Secretary-General Urges Conference on Disarmament to Move Humanity Closer to Peace

Following are UN Secretary-General António Guterres’ remarks to the Conference on Disarmament in Geneva today:

This Conference and the bodies that preceded it took shape at a time of maximum global division — the cold war.  A moment in human history when, for the first time, we faced the possibility of total annihilation.

From the start, this Conference and its predecessors were supposed to be the antidote to the poison of division and diplomatic paralysis that blocked meaningful disarmament.

For many years, these bodies played an essential role in drafting the agreements that form the backbone of the global disarmament agenda:  The Treaty on the Non-Proliferation of Nuclear Weapons;  The Conventions on Biological and Chemical Weapons;  and the Comprehensive Nuclear-Test-Ban Treaty.

These victories for peace were hard-fought and hard-won. But they were not miracles.  They happened because countries recognized that the key to disarmament could be found in cooperation for mutual benefit — not competition for mutual destruction.

But we need to face facts.  For some time now, this Conference has not been able to function as intended.  In fact, this Conference is failing in relation to its very objectives.  And this failure is happening as global trust is falling apart, and because of this.

Geopolitical divides, relentless arms competition, and the erosion of frameworks have created a total deadlock.  We’re witnessing the proliferation of illicit small arms and light weapons, and the use of explosive devices in populated areas.

Militaries are developing terrifying new applications of new and emerging technologies — including artificial intelligence and autonomous weapons systems.  An arms race in outer space has moved from speculation to real possibility — a prospect with potentially catastrophic consequences.

And the nuclear shadow that loomed over humanity last century has returned with a vengeance.  The nuclear risk is higher than at any moment since the depths of the cold war.

Some statemen regularly imply that they are fully prepared to unleash nuclear hell — an outrageous threat that the world must condemn with clarity and force.  And the vital norms and standards against the proliferation, testing and use of nuclear weapons are being eroded.

In fact, the frustration of a majority of States at the slow pace of disarmament led to the negotiation of the Treaty on the Prohibition of Nuclear Weapons.  I repeat my call to accelerate the implementation of all nuclear disarmament commitments, including under the Treaty on the Non-Proliferation of Nuclear Weapons, and to bring the Comprehensive Nuclear-Test-Ban Treaty into force.  The world must no longer be held hostage by these devices of death.

The great tragedy is that in the middle of these crises, the failure of this Conference to reach its objectives as intended has contributed to a growing sense of cynicism about multilateral solutions.  Indeed, something looks wrong if a disarmament conference leads to no meaningful disarmament, year after year.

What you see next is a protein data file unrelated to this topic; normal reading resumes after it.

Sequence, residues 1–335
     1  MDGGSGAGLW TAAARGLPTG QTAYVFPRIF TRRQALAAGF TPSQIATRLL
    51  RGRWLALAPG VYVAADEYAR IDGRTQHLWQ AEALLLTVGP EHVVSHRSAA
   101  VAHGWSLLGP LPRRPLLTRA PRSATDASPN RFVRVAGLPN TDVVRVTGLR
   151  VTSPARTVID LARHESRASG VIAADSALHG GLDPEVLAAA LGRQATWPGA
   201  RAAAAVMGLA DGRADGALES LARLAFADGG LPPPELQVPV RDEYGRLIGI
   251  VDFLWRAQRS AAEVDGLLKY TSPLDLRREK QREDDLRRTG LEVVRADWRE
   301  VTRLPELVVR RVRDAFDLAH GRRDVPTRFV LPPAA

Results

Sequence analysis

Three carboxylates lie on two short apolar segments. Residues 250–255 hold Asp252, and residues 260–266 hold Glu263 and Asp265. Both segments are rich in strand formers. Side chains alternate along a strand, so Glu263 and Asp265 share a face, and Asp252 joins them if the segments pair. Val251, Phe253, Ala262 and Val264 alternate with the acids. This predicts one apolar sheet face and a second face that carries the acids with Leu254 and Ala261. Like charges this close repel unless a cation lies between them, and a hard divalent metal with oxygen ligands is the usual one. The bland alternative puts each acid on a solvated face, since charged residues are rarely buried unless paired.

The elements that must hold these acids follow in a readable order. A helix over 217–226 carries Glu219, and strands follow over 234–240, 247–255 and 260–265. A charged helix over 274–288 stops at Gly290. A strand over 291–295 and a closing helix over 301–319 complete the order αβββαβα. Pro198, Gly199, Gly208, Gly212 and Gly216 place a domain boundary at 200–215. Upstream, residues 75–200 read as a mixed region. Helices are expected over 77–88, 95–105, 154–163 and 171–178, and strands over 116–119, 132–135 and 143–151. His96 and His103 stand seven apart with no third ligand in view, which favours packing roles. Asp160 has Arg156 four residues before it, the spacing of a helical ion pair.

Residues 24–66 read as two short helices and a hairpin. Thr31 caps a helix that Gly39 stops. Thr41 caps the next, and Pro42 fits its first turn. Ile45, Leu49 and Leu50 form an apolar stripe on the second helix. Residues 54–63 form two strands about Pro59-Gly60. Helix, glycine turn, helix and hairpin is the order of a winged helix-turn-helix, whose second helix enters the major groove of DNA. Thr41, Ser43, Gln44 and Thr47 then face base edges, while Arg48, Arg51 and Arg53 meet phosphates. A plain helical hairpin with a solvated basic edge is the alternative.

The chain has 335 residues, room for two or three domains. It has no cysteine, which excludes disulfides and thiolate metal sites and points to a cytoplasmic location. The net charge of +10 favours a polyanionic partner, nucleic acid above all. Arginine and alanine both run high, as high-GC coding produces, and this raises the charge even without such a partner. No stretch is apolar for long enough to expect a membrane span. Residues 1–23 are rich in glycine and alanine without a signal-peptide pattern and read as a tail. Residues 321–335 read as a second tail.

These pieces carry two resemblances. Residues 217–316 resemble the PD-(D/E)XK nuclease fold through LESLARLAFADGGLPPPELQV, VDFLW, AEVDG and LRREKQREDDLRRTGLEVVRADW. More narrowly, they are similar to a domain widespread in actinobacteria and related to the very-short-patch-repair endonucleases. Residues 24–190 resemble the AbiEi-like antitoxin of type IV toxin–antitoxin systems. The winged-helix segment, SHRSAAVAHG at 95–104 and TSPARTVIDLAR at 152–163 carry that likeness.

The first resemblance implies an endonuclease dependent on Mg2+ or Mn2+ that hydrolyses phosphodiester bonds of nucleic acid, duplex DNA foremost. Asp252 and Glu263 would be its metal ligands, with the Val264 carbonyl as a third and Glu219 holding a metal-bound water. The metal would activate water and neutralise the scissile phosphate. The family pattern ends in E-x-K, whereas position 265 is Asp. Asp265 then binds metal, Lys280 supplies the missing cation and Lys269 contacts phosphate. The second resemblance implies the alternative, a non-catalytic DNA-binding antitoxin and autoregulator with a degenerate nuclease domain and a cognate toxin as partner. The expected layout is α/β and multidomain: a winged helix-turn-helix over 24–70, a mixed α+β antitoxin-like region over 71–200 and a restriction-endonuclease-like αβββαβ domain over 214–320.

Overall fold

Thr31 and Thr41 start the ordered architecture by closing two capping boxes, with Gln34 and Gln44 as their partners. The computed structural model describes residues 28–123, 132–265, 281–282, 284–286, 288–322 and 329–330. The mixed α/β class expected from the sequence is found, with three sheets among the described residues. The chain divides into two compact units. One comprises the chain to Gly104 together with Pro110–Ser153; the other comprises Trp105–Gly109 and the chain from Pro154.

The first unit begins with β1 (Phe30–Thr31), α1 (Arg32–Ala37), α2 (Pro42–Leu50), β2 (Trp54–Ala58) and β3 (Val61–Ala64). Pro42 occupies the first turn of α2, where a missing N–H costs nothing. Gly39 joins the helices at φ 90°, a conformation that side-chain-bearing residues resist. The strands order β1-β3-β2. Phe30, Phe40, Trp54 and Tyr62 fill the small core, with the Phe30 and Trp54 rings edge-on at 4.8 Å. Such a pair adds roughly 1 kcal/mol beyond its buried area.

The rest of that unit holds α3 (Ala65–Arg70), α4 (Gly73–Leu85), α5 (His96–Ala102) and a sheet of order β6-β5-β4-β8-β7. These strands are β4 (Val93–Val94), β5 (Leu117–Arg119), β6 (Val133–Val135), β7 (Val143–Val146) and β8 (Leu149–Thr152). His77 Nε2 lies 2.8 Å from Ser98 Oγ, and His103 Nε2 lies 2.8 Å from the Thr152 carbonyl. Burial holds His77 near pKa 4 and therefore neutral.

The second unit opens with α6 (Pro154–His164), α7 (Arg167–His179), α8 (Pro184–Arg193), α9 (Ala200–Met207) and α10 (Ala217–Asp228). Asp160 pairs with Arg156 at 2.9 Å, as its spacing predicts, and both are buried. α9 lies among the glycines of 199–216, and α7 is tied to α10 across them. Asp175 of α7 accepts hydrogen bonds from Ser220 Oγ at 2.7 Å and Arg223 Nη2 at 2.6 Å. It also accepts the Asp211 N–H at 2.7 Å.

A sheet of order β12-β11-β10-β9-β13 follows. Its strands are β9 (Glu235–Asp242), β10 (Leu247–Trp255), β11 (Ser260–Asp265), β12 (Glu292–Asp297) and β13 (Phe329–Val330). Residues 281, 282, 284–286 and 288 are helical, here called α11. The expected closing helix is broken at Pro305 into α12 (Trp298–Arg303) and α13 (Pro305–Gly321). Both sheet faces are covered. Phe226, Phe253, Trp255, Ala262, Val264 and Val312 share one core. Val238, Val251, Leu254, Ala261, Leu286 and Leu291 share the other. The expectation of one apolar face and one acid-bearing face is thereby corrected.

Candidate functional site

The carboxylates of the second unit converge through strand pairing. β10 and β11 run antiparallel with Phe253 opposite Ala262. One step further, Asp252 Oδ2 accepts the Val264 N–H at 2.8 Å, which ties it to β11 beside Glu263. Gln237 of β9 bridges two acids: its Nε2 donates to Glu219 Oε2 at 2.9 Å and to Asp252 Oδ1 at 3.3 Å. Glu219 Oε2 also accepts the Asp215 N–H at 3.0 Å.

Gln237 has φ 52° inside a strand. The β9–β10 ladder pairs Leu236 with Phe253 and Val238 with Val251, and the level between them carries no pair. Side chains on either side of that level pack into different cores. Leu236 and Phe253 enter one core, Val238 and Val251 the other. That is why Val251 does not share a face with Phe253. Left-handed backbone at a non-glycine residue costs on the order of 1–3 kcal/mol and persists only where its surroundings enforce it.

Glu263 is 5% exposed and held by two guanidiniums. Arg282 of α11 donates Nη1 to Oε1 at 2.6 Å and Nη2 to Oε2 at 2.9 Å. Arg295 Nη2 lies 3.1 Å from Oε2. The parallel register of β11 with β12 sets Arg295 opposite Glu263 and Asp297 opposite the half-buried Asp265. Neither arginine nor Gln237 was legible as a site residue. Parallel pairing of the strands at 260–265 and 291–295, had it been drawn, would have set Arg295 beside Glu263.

Humanity needs the Conference on Disarmament to work successfully. The paralysis and deadlock that have come to define it is something that is not acceptable.  The Conference must be reformed — urgently.  And this is one of several areas of work under the proposed New Agenda for Peace.

The Agenda places the tools of prevention and disarmament at the heart of the global peace and security architecture.  It includes new strategies and approaches to deal with the nuclear, chemical, biological and autonomous weapons systems that threaten our future.  It recognizes the risks in our technology-driven, digital world, where it is all too easy to weaponize new domains against one another.

And it calls for reforming the UN bodies and institutions that underpin the global peace, security and disarmament regimes — from the United Nations Security Council to this very Conference.  And I commend you for discussing the revitalization of this Conference this week.

We are calling for a new intergovernmental process, under the General Assembly, to develop reforms to disarmament bodies, including the Conference.  We hope this could lead to a fourth special session of the General Assembly devoted to disarmament.

And I look forward to this September’s Summit of the Future, when Member States will table their ideas and solutions on the future of our peace efforts and institutions — including this Conference.

To all the members of this Conference, I urge you:  Don’t contribute to the cynicism around multilateral action.  Contribute to solutions that actually move us closer to a peaceful world.

Despite the current diplomatic deadlock, the central premise behind this Conference remains as vital as ever.  The most effective disarmament tool is inclusive diplomacy. We need that diplomacy now — urgently. And you have the power to deliver it and change this Organization for the better.

The United Nations will continue doing everything we can to support this process of reform and change.  So let’s get to work.  Let’s deliver a revitalized Conference on Disarmament that can play a constructive part in building a more peaceful, stable world.  Thank you.

For information media. Not an official record.